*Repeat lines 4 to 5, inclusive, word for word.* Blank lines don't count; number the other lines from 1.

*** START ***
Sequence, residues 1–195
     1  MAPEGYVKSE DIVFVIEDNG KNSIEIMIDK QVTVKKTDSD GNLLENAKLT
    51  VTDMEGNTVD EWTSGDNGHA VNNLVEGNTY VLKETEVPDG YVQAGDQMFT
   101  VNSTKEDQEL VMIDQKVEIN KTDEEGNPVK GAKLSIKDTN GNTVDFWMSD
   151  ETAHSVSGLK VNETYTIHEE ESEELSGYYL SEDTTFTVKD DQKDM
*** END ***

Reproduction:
   101  VNSTKEDQEL VMIDQKVEIN KTDEEGNPVK GAKLSIKDTN GNTVDFWMSD
   151  ETAHSVSGLK VNETYTIHEE ESEELSGYYL SEDTTFTVKD DQKDM